Most of the time, it was understood that if I broke something (of mine), that was it; I wasn't getting a new one. I knew times were tight and my parents didn't have a pile of dough to keep buying me new toys or what-have-you, so I understood. I especially appreciated this training as I got older and had to buy my own stuff. I learned to take care of my shit, therefore eliminating the need to replace it.
I started young on learning how to stretch out what I have, to get the most out of it. It started with drug store candy. If I only had fifty cents, I wasn't going to blow it on a couple of candy bars that would be gone in no time. (Yes, “a couple.” It was the early 70s. Stuff was cheap. If I had a whole dollar to spend on candy, it was fortune to me.) I’d buy things where you got a lot in the package, like Lemonheads or Sweet Tarts. Candy with a lot of pieces lasted much longer than a candy bar.
When I had a bag of Halloween candy, I’d work on it until December. My goal was to make my bounty last as long as possible, as opposed to diving in for a week or two of sugared gluttony.
This tendency also took hold as I got out on my own and had to buy and ration my own groceries. You can’t pig down all the good stuff in the first few days after shopping, or else the cupboards would be bare for those last couple days before payday and I could shop again. I rarely had to eat meals consisting of stale bread heels and a can of peas, or barbecue sauce sandwiches.
Granted, I could have replaced some of my clothing more often than I did. Why else do you think I just threw out my ugly 80s-era parachute-pants sweatsuit two weeks ago? To me, it was a perfectly serviceable piece of apparel, and not to be disposed of lightly.
But because of the way I am, I have been able to keep things for a very long time, most of which have not gone hopelessly out of style. I still have the full china set I bought before moving into my first apartment, in 1984. Other than the pieces the Ex sold off at a garage sale, I still have all of it, unbroken and until recently, unchipped.
My regular drinking glass for my daily Diet Coke was one I got in the late 80s. My alternate glass, showing Roberto Clemente’s rookie baseball card, I got from a McDonalds in the early 90s. They've been with me through many moves, and even 4 years with a kid in the house.
I believe the last thing I broke was my favorite wine glass, about 7 or 8 years ago. I think I bumped it against the counter as I was taking it out of the dishwasher. I can’t remember anything else I've broken, since I was a kid.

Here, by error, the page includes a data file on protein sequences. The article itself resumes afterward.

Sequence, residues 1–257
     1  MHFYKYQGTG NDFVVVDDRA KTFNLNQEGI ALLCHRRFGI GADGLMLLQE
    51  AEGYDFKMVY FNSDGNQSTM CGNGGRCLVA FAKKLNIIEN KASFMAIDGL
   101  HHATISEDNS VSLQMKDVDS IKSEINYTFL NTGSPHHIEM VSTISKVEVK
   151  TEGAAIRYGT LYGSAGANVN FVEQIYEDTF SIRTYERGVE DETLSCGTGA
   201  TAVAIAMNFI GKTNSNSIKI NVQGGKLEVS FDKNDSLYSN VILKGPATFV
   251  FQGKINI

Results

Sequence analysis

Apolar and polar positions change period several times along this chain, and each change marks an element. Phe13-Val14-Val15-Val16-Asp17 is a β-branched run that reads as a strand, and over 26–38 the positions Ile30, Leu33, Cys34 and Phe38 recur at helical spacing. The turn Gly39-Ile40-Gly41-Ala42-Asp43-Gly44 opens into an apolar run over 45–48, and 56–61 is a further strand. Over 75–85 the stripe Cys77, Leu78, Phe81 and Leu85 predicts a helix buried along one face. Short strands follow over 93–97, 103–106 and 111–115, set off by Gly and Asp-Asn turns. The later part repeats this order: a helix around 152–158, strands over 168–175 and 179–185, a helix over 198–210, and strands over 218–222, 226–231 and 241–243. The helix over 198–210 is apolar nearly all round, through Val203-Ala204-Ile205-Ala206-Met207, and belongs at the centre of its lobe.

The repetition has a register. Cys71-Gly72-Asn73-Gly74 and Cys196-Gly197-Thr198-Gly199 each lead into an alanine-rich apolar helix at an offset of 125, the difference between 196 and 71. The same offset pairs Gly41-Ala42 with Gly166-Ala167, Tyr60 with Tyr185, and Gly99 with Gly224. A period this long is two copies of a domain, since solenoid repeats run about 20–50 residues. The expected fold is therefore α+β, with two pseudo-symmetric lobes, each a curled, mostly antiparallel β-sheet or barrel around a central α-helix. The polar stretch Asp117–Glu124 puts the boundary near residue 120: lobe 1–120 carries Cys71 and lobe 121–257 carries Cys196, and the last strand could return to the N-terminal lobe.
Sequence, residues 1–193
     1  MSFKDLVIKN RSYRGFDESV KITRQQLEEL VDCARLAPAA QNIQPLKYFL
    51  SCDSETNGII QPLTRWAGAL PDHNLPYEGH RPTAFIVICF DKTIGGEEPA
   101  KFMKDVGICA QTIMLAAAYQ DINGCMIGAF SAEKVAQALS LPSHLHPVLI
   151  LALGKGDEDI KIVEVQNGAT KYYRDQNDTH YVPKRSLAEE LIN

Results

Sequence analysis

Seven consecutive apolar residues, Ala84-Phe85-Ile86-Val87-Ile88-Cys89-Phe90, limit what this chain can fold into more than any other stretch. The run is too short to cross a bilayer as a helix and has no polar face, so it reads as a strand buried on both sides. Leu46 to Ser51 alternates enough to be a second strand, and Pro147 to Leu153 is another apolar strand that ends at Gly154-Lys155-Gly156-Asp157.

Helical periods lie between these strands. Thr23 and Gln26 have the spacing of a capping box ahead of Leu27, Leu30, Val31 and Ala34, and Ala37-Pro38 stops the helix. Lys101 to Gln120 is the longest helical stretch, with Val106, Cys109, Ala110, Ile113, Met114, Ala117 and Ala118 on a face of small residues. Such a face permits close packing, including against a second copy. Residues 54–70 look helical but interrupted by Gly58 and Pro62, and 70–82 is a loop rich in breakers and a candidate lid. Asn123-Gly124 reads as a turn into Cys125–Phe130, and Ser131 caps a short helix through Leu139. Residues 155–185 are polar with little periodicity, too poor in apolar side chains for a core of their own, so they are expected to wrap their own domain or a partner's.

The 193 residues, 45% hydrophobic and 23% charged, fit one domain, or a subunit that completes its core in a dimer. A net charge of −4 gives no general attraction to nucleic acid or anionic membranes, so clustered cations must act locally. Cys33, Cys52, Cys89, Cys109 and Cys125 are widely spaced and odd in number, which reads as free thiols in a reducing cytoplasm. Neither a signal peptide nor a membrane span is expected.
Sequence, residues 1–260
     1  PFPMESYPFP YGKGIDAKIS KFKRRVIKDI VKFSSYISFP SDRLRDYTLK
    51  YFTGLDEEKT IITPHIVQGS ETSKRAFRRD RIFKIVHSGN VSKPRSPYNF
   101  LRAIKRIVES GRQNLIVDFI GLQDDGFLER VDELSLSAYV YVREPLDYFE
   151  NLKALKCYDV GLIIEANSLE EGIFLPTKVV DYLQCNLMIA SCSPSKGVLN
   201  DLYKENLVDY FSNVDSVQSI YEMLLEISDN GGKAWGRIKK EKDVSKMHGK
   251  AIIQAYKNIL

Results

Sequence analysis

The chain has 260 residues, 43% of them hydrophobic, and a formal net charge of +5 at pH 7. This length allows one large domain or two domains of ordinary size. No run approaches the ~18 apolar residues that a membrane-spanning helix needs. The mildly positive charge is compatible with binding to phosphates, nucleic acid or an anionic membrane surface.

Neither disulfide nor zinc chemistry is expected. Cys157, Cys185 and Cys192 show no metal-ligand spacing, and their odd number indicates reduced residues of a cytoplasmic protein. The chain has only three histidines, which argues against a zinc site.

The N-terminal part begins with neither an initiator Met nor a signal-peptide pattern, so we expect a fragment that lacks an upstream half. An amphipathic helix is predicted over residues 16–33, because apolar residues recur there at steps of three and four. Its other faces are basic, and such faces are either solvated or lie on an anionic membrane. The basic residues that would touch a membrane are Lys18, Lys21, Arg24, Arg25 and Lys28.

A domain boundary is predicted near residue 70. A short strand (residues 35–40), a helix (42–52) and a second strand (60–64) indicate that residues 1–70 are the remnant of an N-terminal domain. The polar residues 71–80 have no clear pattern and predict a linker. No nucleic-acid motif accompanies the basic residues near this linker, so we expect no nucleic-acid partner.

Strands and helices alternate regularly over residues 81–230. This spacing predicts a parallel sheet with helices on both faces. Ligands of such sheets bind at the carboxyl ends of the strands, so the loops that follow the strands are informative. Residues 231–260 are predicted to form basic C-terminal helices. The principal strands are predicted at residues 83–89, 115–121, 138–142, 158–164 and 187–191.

I take care of my things, and I get the most use out of what I have.
Pinky, however, does not see things the same way. She thinks it’s perfectly normal for a grownup to break a few glasses every year. Or the spinner-rods off of a couple sets of mini-blinds. Or leave our plastic food containers at work, to get thrown out. Or grab several napkins out of a stack to wipe her mouth. Or leave a few chips in your 1984 China from banging them down together when she puts them away.
We've been going round and round about this for years now. And every time I say “Now be careful with that,” I get a tirade about how I can’t expect her not to break something every now and then. I tell her to concentrate, then, on breaking her own shit instead of mine. (That doesn't go over very well, either.)
So this morning, we ended up doing this dance yet again when she suggested I throw the issue out to you. As you know, I very rarely bring our interpersonal dirty laundry to this site, but since it’s her idea, I thought, “Why not seek outside input?”
I’m not asking you to referee or take sides, but I do want to know… how often do you accidentally break things around the house? I don’t mean the kids; I mean you or your spouse. How do you feel when your mate (or significant other) breaks or mars something of yours? And vice versa? Is it a big deal? Or is it OK because “everybody does it?”
What about your relationships to groceries or supplies? Are you a stretcher-outer, or a user-upper? Does your spouse view household commodities differently? If so, how do you reconcile the competing tendencies?